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Today's Stichomancy for Britney Spears

The first excerpt represents the element of Air. It speaks of mental influences and the process of thought, and is drawn from Agesilaus by Xenophon:

family. It is notable that never throughout these ages has Lacedaemon, out of envy of the privilege accorded to her kings, tried to dissolve their rule; nor ever yet throughout these ages have her kings strained after greater powers than those which limited their heritage of kingship from the first. Wherefore, while all other forms of government, democracies and oligarchies, tyrannies and monarchies, alike have failed to maintain their continuity unbroken, here, as the sole exception, endures indissolubly their kingship.[2]

[2] See "Cyrop." I. i. 1.

And next in token of an aptitude for kingship seen in Agesilaus, before even he entered upon office, I note these signs. On the death

The second excerpt represents the element of Fire. It speaks of emotional influences and base passions, and is drawn from The Memorabilia by Xenophon:

avoid that imputation.[3] For with the incontinent man it is not as with the self-seeker and the covetous. These may at any rate be held to enrich themselves in depriving others. But the intemperate man cannot claim in like fashion to be a blessing to himself if a curse to his neighbours; nay, the mischief which he may cause to others is nothing by comparison with that which redounds against himself, since it is the height of mischief to ruin--I do not say one's own house and property--but one's own body and one's own soul. Or to take an example from social intercourse, no one cares for a guest who evidently takes more pleasure in the wine and the viands than in the friends beside him--who stints his comrades of the affection due to them to dote upon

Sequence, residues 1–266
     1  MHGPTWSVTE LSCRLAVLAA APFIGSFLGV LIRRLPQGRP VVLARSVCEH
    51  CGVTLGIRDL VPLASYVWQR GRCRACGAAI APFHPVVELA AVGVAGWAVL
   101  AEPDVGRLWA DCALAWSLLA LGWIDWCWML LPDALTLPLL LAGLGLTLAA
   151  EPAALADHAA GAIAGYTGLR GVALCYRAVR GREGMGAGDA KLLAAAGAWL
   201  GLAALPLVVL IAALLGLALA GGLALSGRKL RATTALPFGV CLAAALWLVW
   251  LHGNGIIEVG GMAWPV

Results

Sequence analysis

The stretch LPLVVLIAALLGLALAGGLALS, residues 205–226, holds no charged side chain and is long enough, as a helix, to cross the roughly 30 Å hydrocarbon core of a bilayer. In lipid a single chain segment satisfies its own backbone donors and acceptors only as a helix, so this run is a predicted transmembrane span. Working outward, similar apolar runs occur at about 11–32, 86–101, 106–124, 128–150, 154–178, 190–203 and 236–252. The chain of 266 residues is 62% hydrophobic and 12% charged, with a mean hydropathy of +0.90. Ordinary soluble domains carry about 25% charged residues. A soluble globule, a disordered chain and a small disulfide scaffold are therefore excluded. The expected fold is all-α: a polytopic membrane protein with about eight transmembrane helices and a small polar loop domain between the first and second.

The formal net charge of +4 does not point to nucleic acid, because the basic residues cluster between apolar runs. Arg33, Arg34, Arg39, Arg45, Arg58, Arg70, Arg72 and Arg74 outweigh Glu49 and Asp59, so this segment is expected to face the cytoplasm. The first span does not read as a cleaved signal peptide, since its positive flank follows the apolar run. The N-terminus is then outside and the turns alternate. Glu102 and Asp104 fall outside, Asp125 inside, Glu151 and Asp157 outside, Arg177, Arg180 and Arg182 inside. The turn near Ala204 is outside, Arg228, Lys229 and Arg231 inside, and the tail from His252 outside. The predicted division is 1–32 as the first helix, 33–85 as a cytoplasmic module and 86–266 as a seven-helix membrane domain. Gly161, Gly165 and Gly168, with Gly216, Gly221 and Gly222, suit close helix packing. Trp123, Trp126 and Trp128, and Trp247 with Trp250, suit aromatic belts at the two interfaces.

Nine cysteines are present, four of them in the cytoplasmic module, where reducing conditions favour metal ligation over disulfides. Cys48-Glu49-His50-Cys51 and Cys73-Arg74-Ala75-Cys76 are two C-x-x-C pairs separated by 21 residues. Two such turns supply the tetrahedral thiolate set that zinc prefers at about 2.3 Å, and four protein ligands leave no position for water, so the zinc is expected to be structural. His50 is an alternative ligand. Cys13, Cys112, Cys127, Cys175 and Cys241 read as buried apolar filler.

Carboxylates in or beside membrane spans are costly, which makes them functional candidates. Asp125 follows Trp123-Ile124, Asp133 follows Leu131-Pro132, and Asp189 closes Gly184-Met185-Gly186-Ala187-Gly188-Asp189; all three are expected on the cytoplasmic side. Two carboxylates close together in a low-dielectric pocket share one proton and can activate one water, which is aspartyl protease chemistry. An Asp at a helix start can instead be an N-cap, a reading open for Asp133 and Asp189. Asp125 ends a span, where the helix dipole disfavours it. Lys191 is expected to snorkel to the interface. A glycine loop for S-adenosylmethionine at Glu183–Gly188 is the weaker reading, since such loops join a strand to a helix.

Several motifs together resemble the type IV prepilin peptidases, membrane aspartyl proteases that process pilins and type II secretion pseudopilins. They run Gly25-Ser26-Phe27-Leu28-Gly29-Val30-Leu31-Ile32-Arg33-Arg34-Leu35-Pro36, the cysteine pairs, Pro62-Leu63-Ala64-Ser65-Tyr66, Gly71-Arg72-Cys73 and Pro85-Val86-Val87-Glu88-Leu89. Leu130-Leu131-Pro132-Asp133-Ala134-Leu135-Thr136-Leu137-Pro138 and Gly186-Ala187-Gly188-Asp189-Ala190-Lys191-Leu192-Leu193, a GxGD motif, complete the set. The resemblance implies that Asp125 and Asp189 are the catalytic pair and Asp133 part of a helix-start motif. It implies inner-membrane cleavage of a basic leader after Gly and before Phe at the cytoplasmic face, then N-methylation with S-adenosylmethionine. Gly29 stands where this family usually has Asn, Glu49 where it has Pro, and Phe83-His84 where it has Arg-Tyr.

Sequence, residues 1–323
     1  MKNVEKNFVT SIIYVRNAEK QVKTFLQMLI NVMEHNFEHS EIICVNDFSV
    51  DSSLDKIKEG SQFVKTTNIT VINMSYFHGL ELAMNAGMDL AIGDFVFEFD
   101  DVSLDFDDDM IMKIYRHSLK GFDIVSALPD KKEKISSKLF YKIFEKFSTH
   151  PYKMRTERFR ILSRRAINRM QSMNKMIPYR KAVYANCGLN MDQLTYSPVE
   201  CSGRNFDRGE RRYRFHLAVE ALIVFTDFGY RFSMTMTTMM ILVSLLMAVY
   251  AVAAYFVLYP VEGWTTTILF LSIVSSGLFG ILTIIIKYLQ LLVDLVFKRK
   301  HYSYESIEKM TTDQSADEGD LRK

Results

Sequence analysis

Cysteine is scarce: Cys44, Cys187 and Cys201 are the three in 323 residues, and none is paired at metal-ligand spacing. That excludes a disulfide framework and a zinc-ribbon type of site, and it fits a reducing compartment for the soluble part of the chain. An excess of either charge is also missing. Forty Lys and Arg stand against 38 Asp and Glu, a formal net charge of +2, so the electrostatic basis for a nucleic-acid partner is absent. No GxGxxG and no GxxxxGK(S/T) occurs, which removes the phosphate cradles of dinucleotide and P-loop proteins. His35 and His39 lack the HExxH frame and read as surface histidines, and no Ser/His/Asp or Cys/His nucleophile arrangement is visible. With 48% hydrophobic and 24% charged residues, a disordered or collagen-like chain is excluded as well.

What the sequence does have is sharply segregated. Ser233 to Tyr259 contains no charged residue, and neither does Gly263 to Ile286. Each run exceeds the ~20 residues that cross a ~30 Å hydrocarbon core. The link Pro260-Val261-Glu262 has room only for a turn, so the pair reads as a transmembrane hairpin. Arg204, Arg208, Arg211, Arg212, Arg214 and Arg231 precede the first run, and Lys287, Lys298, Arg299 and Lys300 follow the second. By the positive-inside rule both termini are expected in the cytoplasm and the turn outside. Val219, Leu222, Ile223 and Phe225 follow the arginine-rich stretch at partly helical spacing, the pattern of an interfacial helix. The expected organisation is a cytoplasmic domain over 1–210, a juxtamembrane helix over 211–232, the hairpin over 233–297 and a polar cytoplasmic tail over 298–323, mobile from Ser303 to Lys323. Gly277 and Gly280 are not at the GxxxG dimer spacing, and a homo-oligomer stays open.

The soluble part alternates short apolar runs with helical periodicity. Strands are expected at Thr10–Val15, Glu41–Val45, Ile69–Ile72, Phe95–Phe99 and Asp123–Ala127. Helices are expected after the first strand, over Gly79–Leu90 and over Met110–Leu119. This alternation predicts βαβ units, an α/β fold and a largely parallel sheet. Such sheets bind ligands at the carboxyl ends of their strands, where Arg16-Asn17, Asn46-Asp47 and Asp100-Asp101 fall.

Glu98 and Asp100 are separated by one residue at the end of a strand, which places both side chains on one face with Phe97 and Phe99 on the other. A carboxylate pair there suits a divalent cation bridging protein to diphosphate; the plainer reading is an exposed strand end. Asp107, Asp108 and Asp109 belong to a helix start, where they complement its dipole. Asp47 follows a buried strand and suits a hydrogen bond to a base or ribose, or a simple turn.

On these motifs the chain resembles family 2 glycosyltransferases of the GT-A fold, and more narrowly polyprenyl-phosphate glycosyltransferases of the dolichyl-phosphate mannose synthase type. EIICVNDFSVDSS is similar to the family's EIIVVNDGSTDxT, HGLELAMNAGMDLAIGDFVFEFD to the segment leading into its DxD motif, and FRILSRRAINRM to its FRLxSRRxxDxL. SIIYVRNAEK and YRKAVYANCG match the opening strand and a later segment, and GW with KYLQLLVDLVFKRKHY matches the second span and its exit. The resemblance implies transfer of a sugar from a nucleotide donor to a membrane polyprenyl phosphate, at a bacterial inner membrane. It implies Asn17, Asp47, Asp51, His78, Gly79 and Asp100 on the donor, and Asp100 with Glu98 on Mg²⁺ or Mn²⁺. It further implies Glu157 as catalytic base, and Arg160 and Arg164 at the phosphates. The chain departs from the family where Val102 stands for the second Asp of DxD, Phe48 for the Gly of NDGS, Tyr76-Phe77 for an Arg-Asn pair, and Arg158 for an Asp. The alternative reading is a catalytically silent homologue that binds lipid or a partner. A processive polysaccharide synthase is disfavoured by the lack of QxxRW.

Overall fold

The Memorabilia
The third excerpt represents the element of Water. It speaks of pure spiritual influences and feelings of love, and is drawn from The Silverado Squatters by Robert Louis Stevenson:

hose, on the Toll House roof. In front the ground drops as sharply as it rises behind. There is just room for the road and a sort of promontory of croquet ground, and then you can lean over the edge and look deep below you through the wood. I said croquet GROUND, not GREEN; for the surface was of brown, beaten earth. The toll-bar itself was the only other note of originality: a long beam, turning on a post, and kept slightly horizontal by a counterweight of stones. Regularly about sundown this rude barrier was swung, like a derrick, across the road and made fast, I think, to a tree upon the farther side.

The fourth excerpt represents the element of Earth. It speaks of physical influences and the impact of the unseen on the visible world, and is drawn from Jude the Obscure by Thomas Hardy:

of interest that might lie in the banks thereabout. When he repassed the barn to go back to Marygreen he observed that the ladder was still in its place, but that the men had finished their day's work and gone away.

It was waning towards evening; there was still a faint mist, but it had cleared a little except in the damper tracts of subjacent country and along the river-courses. He thought again of Christminster, and wished, since he had come two or three miles from his aunt's house on purpose, that he could have seen for once this attractive city of which he had been told. But even if he waited here it was hardly likely that the air would clear before night. Yet he was loth to leave the spot,


Jude the Obscure